Goodbye to North Cambridge

For the past three or four years, Carol has been taking care of a friend’s cat when he is away. This friend have been living in North Cambridge, near Porter Square since he travels ten or twelve weeks a year, Carol has been spending quite a bit of time in North Cambridge. And when Carol was in Cambridge, I went up as often as I could to spend time with her. But soon Carol’s friend will be moving out of the country, taking the cat with him, so there will be no more cat-sitting in North Cambridge for us.

Carol had to go up to sell her books at a fair in Maine this weekend, so I took care of the cat. When I left, I gave the cat one last scratch behind the ears, and she purred and went back to sleep, and I went down and got in my car and drove away from North Cambridge. I will miss some things about cat-sitting in North Cambridge: — I will miss the cat, who is sociable, good-natured, and affectionate; and I will miss being able to walk to McIntyre and Moore bookstore in Porter Square.

But I find the overall feeling on the streets and sidewalks of North Cambridge unpleasant. People generally seem rude, and abrupt, and aggressive, and entitled. I’ll give you one particularly egregious example of what I mean: — last night I was in a bookstore, with prominent signs asking customers to refrain from cell phone use; — and yet one man talked on his cell phone for a good hour, giving someone details of a pending lawsuit in a resonant, penetrating voice. His funny round potbelly stuck out between his suspenders, and his face was unlined and unperturbed by anything around him, and his carefully blow-dried grey hair curled down from his bald head, and his accent spoke of his privilege and his expensive education and the fact that if he was from New England he had scrupulously removed any trace of regionalisms from his speech. I’m sure he was a very nice man, but as I watched him walk yet again past a sign asking him to refrain from cell phone use which his sense of entitlement allowed him to serenely ignore, my blood boiled and I resented him. In fact, I started feeling rude and aggressive myself.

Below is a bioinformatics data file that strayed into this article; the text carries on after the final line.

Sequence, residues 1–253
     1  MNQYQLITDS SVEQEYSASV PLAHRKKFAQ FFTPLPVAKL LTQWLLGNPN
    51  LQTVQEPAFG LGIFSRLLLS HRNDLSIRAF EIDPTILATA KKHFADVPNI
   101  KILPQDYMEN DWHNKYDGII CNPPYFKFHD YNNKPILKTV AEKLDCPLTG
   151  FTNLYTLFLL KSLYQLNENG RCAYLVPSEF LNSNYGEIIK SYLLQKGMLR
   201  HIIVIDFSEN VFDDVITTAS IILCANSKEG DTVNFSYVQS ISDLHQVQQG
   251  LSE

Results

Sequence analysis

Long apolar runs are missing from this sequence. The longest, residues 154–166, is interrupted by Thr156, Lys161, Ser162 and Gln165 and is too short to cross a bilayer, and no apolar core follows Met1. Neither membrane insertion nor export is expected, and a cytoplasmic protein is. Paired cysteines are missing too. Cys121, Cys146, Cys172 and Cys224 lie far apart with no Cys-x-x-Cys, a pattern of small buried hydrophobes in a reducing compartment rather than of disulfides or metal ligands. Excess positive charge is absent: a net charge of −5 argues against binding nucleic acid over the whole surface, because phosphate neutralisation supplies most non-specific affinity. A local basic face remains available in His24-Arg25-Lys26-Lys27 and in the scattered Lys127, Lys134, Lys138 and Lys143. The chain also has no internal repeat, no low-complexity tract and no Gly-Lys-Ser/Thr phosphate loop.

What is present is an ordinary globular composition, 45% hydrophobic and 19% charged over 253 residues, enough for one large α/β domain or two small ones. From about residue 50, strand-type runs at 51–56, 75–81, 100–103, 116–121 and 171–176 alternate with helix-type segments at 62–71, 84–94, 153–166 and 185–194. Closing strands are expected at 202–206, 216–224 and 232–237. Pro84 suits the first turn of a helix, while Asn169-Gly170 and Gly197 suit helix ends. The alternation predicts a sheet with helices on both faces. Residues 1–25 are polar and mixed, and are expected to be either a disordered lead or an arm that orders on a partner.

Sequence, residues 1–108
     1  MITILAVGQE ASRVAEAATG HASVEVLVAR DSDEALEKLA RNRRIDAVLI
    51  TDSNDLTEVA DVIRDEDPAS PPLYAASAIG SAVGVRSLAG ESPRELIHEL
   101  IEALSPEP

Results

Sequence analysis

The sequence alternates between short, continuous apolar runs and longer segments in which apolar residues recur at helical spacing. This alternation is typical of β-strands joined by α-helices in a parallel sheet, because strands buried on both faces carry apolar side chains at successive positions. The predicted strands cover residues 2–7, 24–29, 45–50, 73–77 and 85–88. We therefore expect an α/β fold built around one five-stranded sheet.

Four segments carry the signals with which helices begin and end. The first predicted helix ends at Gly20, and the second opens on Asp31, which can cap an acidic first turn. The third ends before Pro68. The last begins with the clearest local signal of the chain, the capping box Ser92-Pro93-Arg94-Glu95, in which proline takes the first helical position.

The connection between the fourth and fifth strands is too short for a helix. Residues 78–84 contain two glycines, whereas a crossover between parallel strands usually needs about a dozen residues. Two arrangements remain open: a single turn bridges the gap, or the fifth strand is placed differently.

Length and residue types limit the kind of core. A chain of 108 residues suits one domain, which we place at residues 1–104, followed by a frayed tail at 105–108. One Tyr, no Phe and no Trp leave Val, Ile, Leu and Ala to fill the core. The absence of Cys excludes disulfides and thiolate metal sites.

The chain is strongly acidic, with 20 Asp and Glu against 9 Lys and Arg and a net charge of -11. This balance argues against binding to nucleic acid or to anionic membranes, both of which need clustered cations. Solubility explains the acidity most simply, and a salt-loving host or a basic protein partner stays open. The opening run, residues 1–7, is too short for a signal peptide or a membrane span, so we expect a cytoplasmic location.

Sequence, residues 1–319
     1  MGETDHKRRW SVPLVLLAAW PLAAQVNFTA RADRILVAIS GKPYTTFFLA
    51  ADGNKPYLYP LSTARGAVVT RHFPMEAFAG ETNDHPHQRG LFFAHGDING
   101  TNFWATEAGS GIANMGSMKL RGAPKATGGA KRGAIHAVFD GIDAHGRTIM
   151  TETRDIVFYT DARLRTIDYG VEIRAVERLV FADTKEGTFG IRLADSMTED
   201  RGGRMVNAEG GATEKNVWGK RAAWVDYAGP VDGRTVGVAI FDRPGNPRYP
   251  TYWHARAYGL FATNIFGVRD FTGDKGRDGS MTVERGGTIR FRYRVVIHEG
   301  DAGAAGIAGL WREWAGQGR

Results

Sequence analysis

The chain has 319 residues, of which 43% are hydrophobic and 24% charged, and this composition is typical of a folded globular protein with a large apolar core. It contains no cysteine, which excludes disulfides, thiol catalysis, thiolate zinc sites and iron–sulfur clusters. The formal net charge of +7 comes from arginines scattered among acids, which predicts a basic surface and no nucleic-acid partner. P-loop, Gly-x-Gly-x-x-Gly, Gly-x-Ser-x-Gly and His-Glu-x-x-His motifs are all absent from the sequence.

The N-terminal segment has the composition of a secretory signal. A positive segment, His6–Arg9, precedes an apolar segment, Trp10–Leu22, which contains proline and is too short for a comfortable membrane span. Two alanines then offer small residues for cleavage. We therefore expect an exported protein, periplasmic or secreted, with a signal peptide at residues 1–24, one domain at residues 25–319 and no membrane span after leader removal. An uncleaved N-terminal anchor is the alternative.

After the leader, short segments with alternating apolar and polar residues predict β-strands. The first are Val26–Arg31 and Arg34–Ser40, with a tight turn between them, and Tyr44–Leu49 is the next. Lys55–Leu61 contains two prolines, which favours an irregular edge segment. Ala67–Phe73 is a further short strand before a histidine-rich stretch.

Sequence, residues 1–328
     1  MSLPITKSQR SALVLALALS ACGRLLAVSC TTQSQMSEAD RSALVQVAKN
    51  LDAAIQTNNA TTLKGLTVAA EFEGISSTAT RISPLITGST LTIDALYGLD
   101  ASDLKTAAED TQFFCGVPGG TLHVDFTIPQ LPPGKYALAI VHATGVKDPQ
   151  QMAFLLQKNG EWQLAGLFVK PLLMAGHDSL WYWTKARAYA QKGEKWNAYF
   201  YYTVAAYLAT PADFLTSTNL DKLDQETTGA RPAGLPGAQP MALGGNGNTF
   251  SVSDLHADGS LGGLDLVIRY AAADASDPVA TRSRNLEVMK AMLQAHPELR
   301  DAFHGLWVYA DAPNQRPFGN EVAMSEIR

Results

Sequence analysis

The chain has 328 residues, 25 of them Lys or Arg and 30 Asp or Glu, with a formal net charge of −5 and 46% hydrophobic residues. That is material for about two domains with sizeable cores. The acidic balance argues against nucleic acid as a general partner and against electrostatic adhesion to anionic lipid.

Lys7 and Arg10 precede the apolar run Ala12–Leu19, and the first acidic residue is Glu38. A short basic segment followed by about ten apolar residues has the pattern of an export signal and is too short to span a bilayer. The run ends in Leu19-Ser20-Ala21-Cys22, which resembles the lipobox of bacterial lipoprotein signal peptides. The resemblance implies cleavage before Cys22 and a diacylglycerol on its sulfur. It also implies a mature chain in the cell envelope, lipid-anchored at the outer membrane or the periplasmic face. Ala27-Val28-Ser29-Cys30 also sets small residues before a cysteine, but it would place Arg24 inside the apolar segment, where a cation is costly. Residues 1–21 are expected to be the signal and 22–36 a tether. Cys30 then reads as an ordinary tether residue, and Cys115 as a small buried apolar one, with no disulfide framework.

Of course I know that there are plenty of polite, courteous, non-aggressive people in North Cambridge. And of all the people I know who live in North Cambridge, only one is rude and aggressive; most everyone is nice. Yet somehow the general feeling on the streets is that people who live in North Cambridge are rude. This is in distinct contrast to the feeling on the streets here in New Bedford, where I get the feeling that politeness and courtesy are the norm, in spite of the fact that I know plenty of nasty, rude, aggressive people live down here. But every time I have traveled between New Bedford and North Cambridge, I have always been struck by the difference in public manners. It hit me again when I pulled into a parking place in front of our building: — relief that I was back in New Bedford. I’ll miss the cat, who is very sweet, but I won’t miss North Cambridge.

3 thoughts on “Goodbye to North Cambridge

  1. Jean

    We have something sort of similar in the Midwest, unfortuantely, but it’s not entitlement. It’s obliviousness. I was in a store yesterday — Hobby Lobby, a big craft store with a heavy Christian overtone to many of the crafts (lots of crosses and praying hands and cutesy sayings like “I HEART Jesus” on cutesy placards) — and there was a guy in there talking VERY loudly on his cellphone about fishing for catfish, and where to go to get the best catfish, and then advising his friend on the other end of the phone how to stock a pond with catfish, and then he actually began explaining a recipe for breaded fried catfish.

    So, right. Cellphone nutballs are everywhere.

    Still — what you say about that particular brand of east coast entitlement — yup. I feel it every time I come back home for a visit. Yuk.

  2. Anna Belle

    We lived in North Cambridge for three years when Mr. Web Diva was in law school. Our neighbors were very nice, but I know what you mean by “unpleasant.” It’s one of the things I like most about being back in the south. People here are at least more polite, and seemingly actually happier. Store lines are one place I notice the differences most.

  3. Pastor Skanky...

    do send my love to the old’friend!

    and people well, they are just human. and awful. hasn’t all of ministry taught you that? ;-)

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